Thursday, 26 January 2017

Article 50: One small victory

For those of us who voted Remain in the EU referendum we may have lost the war but there are still lots of smaller battles to be won.

Yesterday's Supreme Court decision on article 50 felt like a small victory for Remain voters. The decision means the government can't trigger Article 50 without approval from Parliament.

As expected critics have labelled the decision as some sort of attempt to thwart the will of the British people and Gina Miller the woman who started the legal fight to get Parliament to vote on the act has received some horrific abuse and threats.

Like many people who voted remain I accept we are leaving the EU, I don't feel I need to pretend that I like it but I've come to terms with it. What hasn't been decided is how we leave and the process and debate involved.

Brexit supporters love to go on about how the British people have decided to leave the EU but the way this narrative is presented you would think that over 75% of people voted to leave rather than the small majority of 52% who voted for Brexit.

There are still millions of people who did not want to leave the EU and it's right that their views and opinion on the type of Brexit we have are heard. This is the role Parliament should be taking and Parliament should play a role in representing all of the electorate and properly debating and scrutinising the terms and conditions by which we leave the EU.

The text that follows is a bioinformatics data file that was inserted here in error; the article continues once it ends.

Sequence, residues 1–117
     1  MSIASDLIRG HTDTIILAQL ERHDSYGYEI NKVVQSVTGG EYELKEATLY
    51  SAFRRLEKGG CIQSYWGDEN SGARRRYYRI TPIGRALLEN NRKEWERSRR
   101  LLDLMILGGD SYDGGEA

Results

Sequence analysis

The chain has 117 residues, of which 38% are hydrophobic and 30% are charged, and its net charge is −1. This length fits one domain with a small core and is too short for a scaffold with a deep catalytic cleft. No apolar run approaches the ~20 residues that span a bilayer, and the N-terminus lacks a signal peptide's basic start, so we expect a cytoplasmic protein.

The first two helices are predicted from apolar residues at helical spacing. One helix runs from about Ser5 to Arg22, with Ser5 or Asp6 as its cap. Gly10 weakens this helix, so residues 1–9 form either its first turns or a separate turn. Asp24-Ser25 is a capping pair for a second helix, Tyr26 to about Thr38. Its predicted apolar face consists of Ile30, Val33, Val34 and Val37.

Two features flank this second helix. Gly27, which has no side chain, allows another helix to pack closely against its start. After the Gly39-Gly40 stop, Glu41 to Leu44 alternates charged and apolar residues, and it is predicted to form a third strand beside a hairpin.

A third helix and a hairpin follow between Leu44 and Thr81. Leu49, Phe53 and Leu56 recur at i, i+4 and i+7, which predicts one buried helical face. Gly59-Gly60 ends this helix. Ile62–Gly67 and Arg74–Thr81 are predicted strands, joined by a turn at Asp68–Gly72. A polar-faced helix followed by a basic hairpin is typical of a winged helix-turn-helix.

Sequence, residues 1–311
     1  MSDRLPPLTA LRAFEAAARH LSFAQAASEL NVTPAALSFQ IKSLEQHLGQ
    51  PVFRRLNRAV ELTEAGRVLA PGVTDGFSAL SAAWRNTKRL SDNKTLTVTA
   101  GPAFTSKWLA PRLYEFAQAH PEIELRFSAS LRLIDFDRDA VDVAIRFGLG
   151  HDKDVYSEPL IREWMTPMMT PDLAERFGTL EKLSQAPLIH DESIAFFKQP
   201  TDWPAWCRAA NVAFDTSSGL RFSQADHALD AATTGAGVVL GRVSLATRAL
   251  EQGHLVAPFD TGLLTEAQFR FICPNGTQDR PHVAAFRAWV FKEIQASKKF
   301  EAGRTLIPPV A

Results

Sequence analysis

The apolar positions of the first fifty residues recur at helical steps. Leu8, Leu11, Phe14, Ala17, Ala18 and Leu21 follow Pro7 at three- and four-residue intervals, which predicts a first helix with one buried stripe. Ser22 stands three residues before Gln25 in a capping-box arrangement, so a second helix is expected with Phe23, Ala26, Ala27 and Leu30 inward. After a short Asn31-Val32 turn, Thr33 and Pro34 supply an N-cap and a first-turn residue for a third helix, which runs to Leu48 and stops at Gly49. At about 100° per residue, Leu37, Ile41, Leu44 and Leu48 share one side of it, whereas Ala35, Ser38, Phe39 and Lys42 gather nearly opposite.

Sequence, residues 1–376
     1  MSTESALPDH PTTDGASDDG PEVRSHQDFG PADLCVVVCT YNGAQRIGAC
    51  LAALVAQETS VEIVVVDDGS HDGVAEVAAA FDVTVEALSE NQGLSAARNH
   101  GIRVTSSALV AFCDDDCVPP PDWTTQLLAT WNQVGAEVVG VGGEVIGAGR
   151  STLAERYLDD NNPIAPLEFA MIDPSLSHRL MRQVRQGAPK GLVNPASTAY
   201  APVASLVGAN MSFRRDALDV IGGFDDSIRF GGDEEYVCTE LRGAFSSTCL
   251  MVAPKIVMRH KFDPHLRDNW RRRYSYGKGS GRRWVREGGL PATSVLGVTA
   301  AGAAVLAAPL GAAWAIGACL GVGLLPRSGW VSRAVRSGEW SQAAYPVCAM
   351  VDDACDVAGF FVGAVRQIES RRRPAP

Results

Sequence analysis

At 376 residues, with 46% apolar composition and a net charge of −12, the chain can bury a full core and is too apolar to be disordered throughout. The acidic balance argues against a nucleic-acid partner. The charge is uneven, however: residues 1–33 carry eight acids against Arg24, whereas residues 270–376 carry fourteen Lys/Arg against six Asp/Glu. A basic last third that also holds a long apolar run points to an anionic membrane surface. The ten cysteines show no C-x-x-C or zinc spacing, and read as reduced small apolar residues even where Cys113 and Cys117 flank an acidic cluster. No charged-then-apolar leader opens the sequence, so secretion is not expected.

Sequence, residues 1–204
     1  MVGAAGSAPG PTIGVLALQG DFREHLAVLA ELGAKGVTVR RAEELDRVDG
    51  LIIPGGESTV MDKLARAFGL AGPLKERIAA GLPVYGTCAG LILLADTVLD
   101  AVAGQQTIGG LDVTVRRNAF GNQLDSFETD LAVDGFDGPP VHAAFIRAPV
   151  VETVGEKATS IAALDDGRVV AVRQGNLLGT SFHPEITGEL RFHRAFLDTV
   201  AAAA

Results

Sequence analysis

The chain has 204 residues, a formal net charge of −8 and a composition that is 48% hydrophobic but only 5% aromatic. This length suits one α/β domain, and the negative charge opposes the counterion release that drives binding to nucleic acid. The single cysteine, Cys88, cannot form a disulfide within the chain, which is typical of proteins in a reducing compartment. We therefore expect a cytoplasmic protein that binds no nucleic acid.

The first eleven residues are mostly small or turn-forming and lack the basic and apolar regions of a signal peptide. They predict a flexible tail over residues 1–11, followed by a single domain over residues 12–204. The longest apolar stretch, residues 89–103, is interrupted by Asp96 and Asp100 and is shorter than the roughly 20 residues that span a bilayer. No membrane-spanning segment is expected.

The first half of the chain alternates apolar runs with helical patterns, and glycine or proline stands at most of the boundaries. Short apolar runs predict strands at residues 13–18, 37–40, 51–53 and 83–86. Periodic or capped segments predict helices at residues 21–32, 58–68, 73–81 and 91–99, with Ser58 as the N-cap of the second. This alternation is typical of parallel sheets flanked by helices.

In these anti-establishment, anti-politician times that we live in too many people seem to think a vote for Brexit is the beginning and end of the matter. The people have spoken and we need to get on with it!

Well it might upset quite a lot of leave voters but we do still live in a parliamentary democracy. The referendum was a simple in/out question. We voted out but the terms and conditions on how we leave are up for debate.

It's only right that Parliament are involved, I've had quite enough of 'direct democracy'. The reason we have MPs is precisely for such occasions, the effects of Brexit will be felt for decades to come and how we leave needs to be debated and assessed properly.

It looks as if we're heading for a 'Hard Brexit' something many people did not vote for. My hope is that before Article 50 is triggered we arrive at a deal that better reflects the views of the electorate. Of course I know this will be difficult. Brexit is arguably the most divisive issue I've experienced living in the UK.

With more than 6 months now gone since the referendum result, I'm quite happy to admit that my disappointment and anger has only increased. I would say it's now bordering on a loathing for what I feel Brexit represents.

There's no doubt in my mind that individually and as a nation we will be poorer but for some the bigger issue is controlling borders.

Immigration is a fact of life, the country needs some for immigration. The volume and type of immigration (particularly in certain parts of the country) is the real issue.

But for me it's not just the economic and financial impact of Brexit that I'm opposed to, there's the cultural issues that Brexit represents. It's a kind of arrogance where the UK feels it can turn its back on its nearest neighbours, unwilling to make concessions and accept rules of membership of a club. Instead we will go out into the world and believe we can have all these great trade deals with the rest of the world which will always be in our favour.

Brexiteers will hate my analysis but I simply don't care.




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